Our recommendation to Olver if he wants to pick up the young voters at western Mass. colleges: Learn to play one real chord on that guitar. Just one.
Sen. Norm Coleman, a Republican incumbent running for reelection in Minnesota, wants you to know that “the other side” is going to dig up unflattering photos, accuse him of being in the pocket of oil lobbyists, and fabricate paparazzi shots of him with George W. Bush.
It’s a funny ad, and it seems pretty sharp of Norm to head them off at the pass. Except that he started airing this ad on Sept. 12, at which point opponent Al Franken and independent groups had already put out six ads attacking Coleman on oil connections and seven that decried his support of President Bush. If only Coleman had thought to head them off before they got to the pass.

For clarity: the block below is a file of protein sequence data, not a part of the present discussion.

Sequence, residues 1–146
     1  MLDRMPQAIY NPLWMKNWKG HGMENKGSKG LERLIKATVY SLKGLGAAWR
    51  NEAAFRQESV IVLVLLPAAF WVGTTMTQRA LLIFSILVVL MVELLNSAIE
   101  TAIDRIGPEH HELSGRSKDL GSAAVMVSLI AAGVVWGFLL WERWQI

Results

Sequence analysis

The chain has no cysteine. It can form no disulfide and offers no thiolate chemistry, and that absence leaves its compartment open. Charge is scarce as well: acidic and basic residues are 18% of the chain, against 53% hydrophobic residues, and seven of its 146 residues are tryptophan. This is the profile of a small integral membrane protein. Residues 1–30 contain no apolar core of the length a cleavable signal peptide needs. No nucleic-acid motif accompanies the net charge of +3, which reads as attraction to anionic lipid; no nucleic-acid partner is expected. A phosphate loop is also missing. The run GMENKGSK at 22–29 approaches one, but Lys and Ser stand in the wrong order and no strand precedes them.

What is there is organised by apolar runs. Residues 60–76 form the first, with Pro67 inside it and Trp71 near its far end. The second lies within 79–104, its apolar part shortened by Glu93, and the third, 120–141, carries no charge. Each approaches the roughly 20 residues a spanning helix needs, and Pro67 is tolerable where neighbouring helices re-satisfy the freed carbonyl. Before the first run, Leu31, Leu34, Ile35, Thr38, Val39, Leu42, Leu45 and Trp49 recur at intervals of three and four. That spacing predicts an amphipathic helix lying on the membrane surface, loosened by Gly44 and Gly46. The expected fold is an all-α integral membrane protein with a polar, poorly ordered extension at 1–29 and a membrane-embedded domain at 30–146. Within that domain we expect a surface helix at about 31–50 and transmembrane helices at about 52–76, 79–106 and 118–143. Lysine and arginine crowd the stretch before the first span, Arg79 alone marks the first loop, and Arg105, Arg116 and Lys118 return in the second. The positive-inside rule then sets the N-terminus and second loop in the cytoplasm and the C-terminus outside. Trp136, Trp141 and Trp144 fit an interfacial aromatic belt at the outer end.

Bush is on his way out of office no matter who wins. But that didn’t stop him from building on the “Busiest Supporting Actor” award we gave him in 2006 for appearing in 186 ads for Democratic House and Senate candidates. This year, G. Dub’s image graced at least 150 Democratic ads, short of his total from the last election cycle but still an impressive haul for a lame duck. Bush’s visage popped up in five Republican ads too, but the association wasn’t always positive. Erik Paulsen, running for the House in Minnesota’s 3rd, accused his opponent of voting for Bush and covering it up. And Jim Inhofe made Bush the face of the Wall Street bailout, which Inhofe doesn’t support.